February 2, 2019 8:07 am Leave your thoughts
It’s National Pizza Day today and we’re sure that, just like us, you want a pizza the action. But let’s leave the greasy takeaway-style pizzas in their cardboard boxes. Today, do pizza properly – make it yourself!
What’s the best pizza base recipe?
We’ve tracked down what we consider to be the TWO best pizza base recipes out there. They’re both simple and produce great results. The first is for a thin and crispy pizza base – the second for a deep-pan pizza (sometimes known as ‘pizza pie’).
Best thin and crispy pizza base recipe
This is the quickest pizza base to make and many people’s favourite. Crispy and light, it lets you focus most of your efforts (and appreciation) on the toppings. The dough doesn’t need a lengthy period to rise and only requires a little bit of kneading, meaning that you can make this almost on impulse, for a quick evening meal. This is real last-minute, ‘what’s for tea, Mum?’ pizza.
The heat inside the oven makes the dough rise slightly, giving it the chewiness (and bendiness) you’re looking for. You’ll be able to fold it in half, if that’s how you like your pizza!
This recipe makes enough for one large pizza (all for you, or to share).
75ml warm water
½ tsp dried active yeast
150g plain flour
Good pinch of salt
1 tsp olive oil
Place the sheet or tray on which you intend to cook the pizza in an oven preheated to 220C/425F/Gas Mark 7.
Put the water in a bowl. Sprinkle the yeast onto it and leave it for 5 minutes to dissolve and foam up.
Add the flour and salt and mix well.
On a floured work surface, knead the dough for 5 minutes.
Cover with the upside-down bowl and leave for about 10 minutes (giving you time, of course, to prepare the toppings).
Now for the fun bit…stretch and pull and generally mess around with the dough until you’ve got it in the shape you want.
Then place it on the preheated baking tray and brush with the olive oil. Add your toppings, as desired.
Bake for around 10 minutes!
Best deep-pan pizza base recipe
Perhaps you’d like to go a little deeper? For some people, it’s the base that’s the star of the show with a pizza. This recipe makes a plump, fluffy, not-too-dense-but-still-deep base. You might even be inspired to ‘stuff your crust’….
250g strong bread flour
½ tsp salt
½ sachet dried active yeast
2 tbsp oil
150ml warm water
Mix the flour, salt and yeast in a bowl. Make a well in the middle of the bowl and pour in the oil and water. Mix everything together to form a dough.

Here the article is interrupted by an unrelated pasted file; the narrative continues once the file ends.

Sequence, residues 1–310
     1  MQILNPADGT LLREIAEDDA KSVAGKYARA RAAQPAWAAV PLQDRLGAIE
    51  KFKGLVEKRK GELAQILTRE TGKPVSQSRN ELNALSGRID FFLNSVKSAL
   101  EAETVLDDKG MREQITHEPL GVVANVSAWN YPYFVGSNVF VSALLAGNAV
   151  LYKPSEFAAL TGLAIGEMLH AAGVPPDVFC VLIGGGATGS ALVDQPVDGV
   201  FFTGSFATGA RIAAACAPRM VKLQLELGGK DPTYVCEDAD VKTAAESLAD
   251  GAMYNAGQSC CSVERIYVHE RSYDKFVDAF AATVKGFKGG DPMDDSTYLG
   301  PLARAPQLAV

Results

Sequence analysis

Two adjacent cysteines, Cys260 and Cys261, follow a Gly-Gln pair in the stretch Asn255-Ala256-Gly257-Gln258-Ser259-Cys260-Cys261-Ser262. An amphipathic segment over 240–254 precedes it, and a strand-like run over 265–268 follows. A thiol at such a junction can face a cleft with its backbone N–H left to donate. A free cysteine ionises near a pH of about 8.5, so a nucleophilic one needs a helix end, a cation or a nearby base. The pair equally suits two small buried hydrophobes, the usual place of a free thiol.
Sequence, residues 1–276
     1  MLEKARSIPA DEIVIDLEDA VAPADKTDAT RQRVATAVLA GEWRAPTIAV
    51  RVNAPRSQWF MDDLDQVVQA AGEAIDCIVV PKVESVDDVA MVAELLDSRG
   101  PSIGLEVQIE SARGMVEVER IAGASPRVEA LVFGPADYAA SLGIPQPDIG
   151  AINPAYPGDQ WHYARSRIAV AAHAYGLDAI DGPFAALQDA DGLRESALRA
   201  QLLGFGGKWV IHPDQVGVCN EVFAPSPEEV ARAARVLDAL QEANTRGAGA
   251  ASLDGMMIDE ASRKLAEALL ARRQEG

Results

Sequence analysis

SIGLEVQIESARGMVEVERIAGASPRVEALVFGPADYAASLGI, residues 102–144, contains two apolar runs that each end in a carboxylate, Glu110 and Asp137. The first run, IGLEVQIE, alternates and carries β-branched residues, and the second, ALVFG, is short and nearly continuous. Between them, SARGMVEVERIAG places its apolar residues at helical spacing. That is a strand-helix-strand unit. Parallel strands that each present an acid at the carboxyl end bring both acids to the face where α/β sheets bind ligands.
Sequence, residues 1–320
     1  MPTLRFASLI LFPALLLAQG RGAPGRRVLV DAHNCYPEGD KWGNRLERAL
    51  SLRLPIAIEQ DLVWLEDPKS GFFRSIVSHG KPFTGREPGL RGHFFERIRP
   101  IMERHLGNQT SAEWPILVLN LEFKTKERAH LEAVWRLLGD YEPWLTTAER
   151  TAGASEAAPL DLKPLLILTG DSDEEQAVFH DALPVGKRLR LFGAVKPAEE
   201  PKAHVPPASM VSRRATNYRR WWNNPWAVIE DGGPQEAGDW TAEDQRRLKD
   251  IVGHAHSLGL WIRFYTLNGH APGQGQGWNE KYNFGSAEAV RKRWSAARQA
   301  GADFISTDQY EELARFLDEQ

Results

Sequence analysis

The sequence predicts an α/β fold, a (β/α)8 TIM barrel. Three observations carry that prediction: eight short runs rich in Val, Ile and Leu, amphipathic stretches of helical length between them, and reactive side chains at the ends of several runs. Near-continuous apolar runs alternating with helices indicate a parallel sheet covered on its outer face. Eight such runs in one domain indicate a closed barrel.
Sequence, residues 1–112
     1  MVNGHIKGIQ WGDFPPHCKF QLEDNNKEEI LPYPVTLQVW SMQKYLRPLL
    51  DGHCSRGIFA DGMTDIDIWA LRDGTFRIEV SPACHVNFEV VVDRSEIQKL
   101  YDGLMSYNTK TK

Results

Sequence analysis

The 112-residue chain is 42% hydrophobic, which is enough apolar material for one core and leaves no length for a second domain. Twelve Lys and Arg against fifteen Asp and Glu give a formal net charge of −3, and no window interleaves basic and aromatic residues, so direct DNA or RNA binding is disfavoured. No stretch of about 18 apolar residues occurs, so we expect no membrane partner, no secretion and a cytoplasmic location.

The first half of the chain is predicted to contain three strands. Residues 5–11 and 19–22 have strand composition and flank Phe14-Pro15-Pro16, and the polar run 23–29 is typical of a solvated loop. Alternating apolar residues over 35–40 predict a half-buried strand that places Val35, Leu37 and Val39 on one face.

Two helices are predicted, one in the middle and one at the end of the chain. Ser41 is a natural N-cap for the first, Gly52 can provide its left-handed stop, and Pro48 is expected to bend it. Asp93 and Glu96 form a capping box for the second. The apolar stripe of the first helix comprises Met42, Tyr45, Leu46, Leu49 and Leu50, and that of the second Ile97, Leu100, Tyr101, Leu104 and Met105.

Rub the dough with a little more oil then, on a floured surface, knead it well for 5 minutes. Cover with the bowl and leave for 10 minutes.
Knead again for a further 5 minutes, then put the dough back in the bowl and cover with clingfilm or a damp tea-towel. Leave somewhere reasonably warm to ‘prove’.
After an hour, the dough should have doubled in size.
Preheat the oven to 220C/425F/Gas Mark 7.
Take the dough and press, push and cajole it into the shape you want, placing it in a deepish tin. Bake for 10 minutes without any toppings at all, so that the base doesn’t become soggy.
Then add the toppings and bake for a further 25 minutes.
What’s the best flour to use for pizza?
Recipes vary in the kind of flour they ask for. US recipes will frequently list ‘all purpose flour’, which translated, is what we in the UK call plain flour. Recipes that avoid yeast (perhaps for allergy reasons) may require self-raising flour. Others – especially those for deep-pan pizzas – specify strong bread flour.
Almost all recipes call for white flour: this not only proves and cooks faster, but does give a deliciously light crust. There’s no reason at all, however, why you shouldn’t make a wholewheat pizza if you prefer – or use half-and-half white and wholewheat flour.
For the very best thin-and-crispy pizzas, we’d suggest you give serious consideration to 00 flour. We sell organic 00 pasta and pizza flour from Doves Farm. The 00 rating indicates that this is a very fine flour, with a tiny amount of bran. It produces a wonderfully soft texture and, being low in gluten, gives the finished pizza some stretch, but not too much. (As the name indicates, it’s suitable for making pasta, too.)
And what if you’re gluten-free? Fortunately, we’ve got specialist gluten-free pizza flour too, from Orgran. Based on a mixture of potato and maize starches, with maize and yellow pea flours, this mixture will give you a pizza base in minutes, with the addition of some water and oil.
And what to stick on top?
Jamie Oliver makes a great, classic tomato sauce to top a pizza, using just tins of tomatoes, garlic, basil and olive oil.
With the best flour, the best recipes and the best suggestions, we’ve got all you need to make yourself the very, very best pizza today!00 flour, cassava flour, coconut flour, cold-pressed oil, Doves Farm, dried active yeast, gluten-free pizza pasta flour, National Pizza Day, olive oil, Orgran, pasta flour, pizza flour, plain flour, rice flour, salt, self raising flour, strong bread flour, Teff Flour, white flour, wholemeal flour, wholewheat flour
This post was written by Yzanne